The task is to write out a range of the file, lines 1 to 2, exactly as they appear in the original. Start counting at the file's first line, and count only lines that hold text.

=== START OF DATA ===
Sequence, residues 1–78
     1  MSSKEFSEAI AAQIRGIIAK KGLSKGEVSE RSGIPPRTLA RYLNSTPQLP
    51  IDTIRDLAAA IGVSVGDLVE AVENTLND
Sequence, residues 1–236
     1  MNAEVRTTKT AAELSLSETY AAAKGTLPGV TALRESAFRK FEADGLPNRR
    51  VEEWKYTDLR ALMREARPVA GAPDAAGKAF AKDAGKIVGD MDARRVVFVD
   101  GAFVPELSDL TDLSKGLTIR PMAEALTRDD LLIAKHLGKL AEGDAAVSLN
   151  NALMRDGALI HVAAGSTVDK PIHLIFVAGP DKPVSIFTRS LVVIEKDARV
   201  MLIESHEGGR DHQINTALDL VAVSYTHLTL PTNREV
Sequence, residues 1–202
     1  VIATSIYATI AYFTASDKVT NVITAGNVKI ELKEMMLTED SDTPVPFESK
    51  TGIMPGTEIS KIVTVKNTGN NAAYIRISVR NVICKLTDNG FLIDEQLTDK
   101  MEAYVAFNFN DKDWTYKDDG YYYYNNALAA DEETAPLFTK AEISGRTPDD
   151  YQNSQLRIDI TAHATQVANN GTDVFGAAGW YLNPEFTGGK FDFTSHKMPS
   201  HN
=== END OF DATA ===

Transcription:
Sequence, residues 1–78
     1  MSSKEFSEAI AAQIRGIIAK KGLSKGEVSE RSGIPPRTLA RYLNSTPQLP